How to Link Stylesheets from a Master Page
First off, big thanks to Scott Allen for his coverage of master pages in ASP.NET 2.0. Scott nicely summarized some common gotchas that would’ve cost me time if I wasn’t aware of them.
One of the dilemmas master pages present is how to link to images, web pages, stylesheets, etc. Do you use a relative URL? Or an absolute one? Do you give, say, an image a
runat="server" attribute and throw a tilde (~) in to have it resolved to the project root? There’s no easy answer.
HtmlHead Is Lacking
In 2.0 you may access the
<head> element of a page server-side (provided you decorated it with
runat="server"). The runtime treats it as an instance of the HtmlHead control.
What jumped out at me was its scarce list of useful methods and properties. Yes, there’s the much coveted
For example, I like to
@import some of the stylesheets, and
<link> the rest:
<style type='text/css' media='screen,projection'> @import '/styles/layout.css'; </style> <link rel='stylesheet' type='text/css' media='print' href='/styles/print.css' />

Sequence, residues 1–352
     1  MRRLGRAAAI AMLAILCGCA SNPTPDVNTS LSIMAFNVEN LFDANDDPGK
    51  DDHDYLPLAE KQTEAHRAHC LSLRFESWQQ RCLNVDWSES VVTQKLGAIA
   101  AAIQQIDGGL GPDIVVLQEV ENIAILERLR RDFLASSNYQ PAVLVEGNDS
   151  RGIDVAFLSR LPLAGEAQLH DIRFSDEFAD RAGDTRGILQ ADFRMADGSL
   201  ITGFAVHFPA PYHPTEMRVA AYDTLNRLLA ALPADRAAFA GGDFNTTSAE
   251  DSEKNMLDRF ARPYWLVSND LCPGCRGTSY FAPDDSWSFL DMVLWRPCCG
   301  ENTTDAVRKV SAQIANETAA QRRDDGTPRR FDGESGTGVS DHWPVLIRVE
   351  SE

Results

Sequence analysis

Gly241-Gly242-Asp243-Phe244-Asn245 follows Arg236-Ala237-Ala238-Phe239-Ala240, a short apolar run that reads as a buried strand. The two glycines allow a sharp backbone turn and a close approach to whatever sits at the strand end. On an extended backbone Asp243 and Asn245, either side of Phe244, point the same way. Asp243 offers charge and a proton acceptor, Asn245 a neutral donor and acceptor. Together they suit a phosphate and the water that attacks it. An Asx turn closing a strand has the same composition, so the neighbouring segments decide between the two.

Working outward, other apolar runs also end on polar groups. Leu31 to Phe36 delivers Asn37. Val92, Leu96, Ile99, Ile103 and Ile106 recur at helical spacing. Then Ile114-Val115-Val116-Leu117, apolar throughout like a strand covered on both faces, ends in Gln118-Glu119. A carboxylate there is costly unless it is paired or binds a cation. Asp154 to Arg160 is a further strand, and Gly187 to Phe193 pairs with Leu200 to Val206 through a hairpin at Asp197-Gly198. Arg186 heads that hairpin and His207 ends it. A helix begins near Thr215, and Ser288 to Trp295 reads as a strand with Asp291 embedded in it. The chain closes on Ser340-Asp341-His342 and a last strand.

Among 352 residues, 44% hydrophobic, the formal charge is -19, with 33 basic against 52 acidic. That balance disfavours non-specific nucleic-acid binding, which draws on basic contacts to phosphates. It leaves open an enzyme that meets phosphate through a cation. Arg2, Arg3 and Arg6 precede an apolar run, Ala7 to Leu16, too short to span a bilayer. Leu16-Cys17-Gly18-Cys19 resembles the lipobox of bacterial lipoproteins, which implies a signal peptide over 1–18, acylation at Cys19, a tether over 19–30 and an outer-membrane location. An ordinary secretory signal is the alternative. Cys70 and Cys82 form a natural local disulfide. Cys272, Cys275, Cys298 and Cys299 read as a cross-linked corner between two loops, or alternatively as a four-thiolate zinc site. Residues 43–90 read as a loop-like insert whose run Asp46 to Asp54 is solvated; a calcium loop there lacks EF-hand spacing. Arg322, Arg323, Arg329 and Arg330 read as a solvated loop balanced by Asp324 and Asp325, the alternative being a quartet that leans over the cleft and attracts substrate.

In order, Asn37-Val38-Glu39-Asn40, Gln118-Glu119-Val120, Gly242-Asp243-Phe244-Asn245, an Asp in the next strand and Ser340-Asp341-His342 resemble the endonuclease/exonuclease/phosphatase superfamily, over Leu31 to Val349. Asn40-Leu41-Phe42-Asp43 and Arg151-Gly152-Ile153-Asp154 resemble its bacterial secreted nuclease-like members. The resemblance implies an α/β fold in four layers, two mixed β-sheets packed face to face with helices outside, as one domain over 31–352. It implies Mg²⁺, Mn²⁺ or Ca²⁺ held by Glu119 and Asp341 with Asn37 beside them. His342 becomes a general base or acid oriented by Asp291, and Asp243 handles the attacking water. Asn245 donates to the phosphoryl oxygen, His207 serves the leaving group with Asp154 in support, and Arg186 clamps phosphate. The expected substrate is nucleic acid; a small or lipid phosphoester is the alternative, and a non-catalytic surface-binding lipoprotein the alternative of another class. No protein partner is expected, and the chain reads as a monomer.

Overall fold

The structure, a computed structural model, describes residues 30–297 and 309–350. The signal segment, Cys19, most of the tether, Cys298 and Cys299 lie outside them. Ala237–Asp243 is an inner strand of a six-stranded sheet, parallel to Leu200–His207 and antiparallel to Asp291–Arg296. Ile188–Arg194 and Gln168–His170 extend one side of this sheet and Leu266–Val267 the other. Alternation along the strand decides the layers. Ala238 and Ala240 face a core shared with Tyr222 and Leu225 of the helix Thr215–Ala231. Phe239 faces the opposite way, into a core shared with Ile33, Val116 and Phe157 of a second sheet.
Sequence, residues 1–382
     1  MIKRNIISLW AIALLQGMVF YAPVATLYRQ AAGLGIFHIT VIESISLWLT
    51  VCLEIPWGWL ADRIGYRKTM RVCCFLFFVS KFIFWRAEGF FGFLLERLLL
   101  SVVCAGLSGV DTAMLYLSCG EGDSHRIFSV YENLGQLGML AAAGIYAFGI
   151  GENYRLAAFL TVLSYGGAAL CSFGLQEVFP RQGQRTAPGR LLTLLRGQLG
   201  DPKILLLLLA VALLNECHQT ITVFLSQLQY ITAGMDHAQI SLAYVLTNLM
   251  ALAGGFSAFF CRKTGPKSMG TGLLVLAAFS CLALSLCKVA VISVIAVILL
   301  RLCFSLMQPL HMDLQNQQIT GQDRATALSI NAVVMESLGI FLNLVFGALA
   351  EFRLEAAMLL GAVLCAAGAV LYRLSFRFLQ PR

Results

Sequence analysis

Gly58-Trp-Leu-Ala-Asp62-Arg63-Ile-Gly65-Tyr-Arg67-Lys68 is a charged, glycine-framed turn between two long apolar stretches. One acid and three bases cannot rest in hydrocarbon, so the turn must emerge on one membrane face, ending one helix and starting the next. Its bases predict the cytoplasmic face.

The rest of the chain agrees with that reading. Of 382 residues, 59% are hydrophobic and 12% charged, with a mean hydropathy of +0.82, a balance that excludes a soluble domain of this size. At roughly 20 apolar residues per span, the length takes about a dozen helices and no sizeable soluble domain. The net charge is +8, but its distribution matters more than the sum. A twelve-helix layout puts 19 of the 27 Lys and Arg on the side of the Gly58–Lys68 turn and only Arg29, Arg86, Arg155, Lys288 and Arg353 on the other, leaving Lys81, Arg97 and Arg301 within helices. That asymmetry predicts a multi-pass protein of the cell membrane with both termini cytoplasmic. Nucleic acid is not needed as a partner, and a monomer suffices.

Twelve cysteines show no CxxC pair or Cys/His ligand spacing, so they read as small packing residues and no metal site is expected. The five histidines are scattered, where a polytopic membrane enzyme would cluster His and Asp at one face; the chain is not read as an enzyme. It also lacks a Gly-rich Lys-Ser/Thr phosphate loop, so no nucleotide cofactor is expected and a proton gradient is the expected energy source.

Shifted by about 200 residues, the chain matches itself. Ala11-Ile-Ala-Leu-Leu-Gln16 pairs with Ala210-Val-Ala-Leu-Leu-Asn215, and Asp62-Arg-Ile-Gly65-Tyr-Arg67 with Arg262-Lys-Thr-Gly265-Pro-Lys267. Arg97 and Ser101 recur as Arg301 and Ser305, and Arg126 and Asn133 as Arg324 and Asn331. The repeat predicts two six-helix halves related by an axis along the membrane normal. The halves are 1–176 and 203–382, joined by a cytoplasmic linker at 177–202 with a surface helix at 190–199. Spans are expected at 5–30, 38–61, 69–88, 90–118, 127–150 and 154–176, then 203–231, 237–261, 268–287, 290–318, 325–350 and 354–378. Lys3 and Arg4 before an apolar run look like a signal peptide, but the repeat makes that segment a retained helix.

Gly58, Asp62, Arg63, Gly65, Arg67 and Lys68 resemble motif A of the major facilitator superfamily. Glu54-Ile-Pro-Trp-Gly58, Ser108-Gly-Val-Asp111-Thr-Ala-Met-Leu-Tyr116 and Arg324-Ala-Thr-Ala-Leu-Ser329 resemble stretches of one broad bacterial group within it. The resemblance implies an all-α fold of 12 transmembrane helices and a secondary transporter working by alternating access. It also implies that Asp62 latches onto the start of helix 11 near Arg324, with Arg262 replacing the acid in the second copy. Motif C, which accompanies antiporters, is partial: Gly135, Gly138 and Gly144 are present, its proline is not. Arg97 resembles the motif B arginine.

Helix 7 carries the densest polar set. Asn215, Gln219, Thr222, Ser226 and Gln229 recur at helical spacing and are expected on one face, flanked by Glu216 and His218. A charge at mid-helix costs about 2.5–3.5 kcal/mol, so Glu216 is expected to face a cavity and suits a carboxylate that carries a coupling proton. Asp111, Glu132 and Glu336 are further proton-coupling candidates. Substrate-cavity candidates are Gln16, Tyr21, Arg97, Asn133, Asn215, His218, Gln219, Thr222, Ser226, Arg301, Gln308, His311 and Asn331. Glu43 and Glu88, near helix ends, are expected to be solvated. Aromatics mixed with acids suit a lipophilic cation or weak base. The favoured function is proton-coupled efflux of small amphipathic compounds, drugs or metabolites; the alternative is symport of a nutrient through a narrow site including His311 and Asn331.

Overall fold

You might want to do this to cater advanced styles to modern browsers, and older styles to legacy browsers. This way every browser gets what it can handle. Or, this way you may let owners of crappy browsers know it’s time to upgrade.
HtmlHead control doesn’t have the luxury of doing much besides setting the page title and registering page-scope CSS rules. It’s a shame.
Some hacks, published online, suggest creating an
HtmlLink control, setting its
rel properties, adding it to the
Controls collection, or resorting to even funkier logic with
AddParsedSubObject(). All this to register a stylesheet and only a
<link> one?! Maybe we should learn a thing or two from the Ruby on Rails folks. At least Rails was written by developers for developers.
I wrote a base class for for my master pages. It simply exposes a property with the base URL of my project. If your project can switch between HTTP and HTTPS, you might want to add another private property for that instead of hardcoding “http://”.
When it comes to creating a new master page, I derive from my base class and plug the
BaseURL property as follows:
<style type='text/css' media='screen,projection'> @import '<%= BaseURL %>/styles/layout.css'; </style> <link rel='stylesheet' type='text/css' media='print' href='<%= BaseURL %>/styles/print.css' />
A master page is a good old combination of HTML markup and code-behind, which is why you can reference its properties.